- David McClister / provided
- Singer/songwriter Josh Ritter plays Sunday at Tower Theatre.
8 p.m. Sunday
425 NW 23rd St.
Maybe Josh Ritter’s latest album, Fever Breaks, is different from the nine that came before it, but the singer-songwriter cannot say how, exactly.
“It’s hard for me to compare records,” Ritter said. “It’s kind of like how you look in the mirror from day to day; you don’t see the changes in your face. It’s almost too close. For me, my job is to always be looking for the next thing that excites me, and that may mark some kind of artistic progression, but I can never tell, myself. It’s hard to see yourself from the outside.”
Ritter, who said he will be making his first Oklahoma stop in “about 17 years,” plays Sunday at Tower Theatre, 425 NW 23rd St. Fever Breaks was released in April, and one obvious difference from previous releases is the presence of producer Jason Isbell, whose 400 Unit serves as Ritter’s backing band on the album, creating what Rolling Stone’s Brittney McKenna called “classic Ritter on Muscle Shoals-bred steroids.” Even if he has trouble comparing the new album to past releases, Ritter said his intention in working with Isbell and The 400 Unit fiddle player Amanda Shires on the album was to add a different element to his music.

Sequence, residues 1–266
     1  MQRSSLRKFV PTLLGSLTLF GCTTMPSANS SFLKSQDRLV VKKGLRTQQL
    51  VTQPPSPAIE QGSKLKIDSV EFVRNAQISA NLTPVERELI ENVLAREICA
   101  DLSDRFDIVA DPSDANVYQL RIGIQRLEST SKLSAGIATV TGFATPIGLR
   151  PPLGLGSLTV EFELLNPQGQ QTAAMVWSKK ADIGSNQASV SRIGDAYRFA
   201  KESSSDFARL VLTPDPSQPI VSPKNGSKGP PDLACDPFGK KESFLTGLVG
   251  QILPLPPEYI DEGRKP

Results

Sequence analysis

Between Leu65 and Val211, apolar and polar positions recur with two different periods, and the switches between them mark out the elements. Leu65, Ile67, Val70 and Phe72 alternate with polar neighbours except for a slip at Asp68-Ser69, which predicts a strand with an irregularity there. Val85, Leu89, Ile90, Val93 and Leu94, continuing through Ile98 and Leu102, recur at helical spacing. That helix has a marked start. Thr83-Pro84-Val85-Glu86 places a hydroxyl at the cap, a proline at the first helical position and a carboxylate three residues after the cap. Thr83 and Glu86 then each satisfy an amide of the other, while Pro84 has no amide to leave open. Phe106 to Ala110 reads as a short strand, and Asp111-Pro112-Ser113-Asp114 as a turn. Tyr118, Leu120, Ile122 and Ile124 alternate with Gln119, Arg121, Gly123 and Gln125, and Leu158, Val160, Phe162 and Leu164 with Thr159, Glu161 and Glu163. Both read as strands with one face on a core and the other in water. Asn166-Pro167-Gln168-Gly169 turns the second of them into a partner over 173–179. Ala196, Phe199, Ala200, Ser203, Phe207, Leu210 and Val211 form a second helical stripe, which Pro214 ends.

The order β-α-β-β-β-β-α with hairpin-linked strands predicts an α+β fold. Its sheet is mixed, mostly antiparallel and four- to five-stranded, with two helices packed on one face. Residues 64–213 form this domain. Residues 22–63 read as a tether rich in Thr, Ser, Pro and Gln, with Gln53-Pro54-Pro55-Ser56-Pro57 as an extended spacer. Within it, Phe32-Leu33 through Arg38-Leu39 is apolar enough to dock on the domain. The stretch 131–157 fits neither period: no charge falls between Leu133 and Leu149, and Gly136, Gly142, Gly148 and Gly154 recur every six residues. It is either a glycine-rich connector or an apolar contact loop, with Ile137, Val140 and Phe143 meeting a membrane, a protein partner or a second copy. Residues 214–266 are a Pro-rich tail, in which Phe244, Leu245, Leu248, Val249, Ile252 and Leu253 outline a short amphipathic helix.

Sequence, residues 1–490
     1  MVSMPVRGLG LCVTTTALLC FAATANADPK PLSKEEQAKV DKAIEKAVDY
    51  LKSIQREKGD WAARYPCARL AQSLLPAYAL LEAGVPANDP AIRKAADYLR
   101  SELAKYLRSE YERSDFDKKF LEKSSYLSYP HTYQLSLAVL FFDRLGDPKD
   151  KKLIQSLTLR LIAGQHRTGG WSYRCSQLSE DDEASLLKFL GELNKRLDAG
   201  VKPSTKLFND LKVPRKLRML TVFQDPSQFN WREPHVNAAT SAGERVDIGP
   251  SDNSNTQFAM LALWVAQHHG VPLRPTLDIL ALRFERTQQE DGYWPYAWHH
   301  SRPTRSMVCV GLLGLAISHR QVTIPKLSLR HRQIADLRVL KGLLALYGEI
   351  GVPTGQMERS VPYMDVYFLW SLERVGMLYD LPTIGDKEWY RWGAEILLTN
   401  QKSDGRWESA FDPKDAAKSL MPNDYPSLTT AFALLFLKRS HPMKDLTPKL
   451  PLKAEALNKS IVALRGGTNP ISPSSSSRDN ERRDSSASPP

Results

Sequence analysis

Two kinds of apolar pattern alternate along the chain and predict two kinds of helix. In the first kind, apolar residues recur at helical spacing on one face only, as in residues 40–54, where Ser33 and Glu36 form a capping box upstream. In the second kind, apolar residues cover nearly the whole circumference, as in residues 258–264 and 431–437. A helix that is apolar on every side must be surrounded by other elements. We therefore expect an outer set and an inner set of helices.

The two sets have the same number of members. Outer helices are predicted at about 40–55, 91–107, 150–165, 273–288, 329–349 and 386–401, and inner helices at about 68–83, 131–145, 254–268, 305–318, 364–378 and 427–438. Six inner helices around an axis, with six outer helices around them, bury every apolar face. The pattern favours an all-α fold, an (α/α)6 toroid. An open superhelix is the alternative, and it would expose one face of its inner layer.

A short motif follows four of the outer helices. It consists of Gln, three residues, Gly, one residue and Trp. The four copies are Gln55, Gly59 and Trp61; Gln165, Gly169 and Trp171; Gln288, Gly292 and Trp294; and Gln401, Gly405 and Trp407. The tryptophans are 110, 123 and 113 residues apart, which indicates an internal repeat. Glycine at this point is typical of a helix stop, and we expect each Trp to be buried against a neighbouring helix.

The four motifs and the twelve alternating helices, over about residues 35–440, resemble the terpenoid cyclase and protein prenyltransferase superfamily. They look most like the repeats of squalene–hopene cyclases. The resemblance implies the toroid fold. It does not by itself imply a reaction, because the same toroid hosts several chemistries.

“I just knew that I needed to make a change for myself, change the situation that I worked in,” Ritter said. “I didn’t know if that was going to create a new sound or not, but as it turned out, it really did. They brought their amazing musicianship to the thing. Amanda helped translate some of these ideas and Jason had such a sure grasp of what he heard the song sounding like, and working with them was a real beautiful thing.”
Ritter is confident, however, that the result is unlike Isbell’s own albums with The 400 Unit.
“There’s times when I might be afraid that the message would become mixed or whatever, but with Jason, he was always very clear that what we were working on was a chance for us both to extend our artistic visions in different directions,” Ritter said. “That was really cool, that we were both getting a chance to do something new.”
In recent years, Ritter had the chance to approach music from different perspectives, writing songs for folk singer Joan Baez and Dead & Company frontman Bob Weir.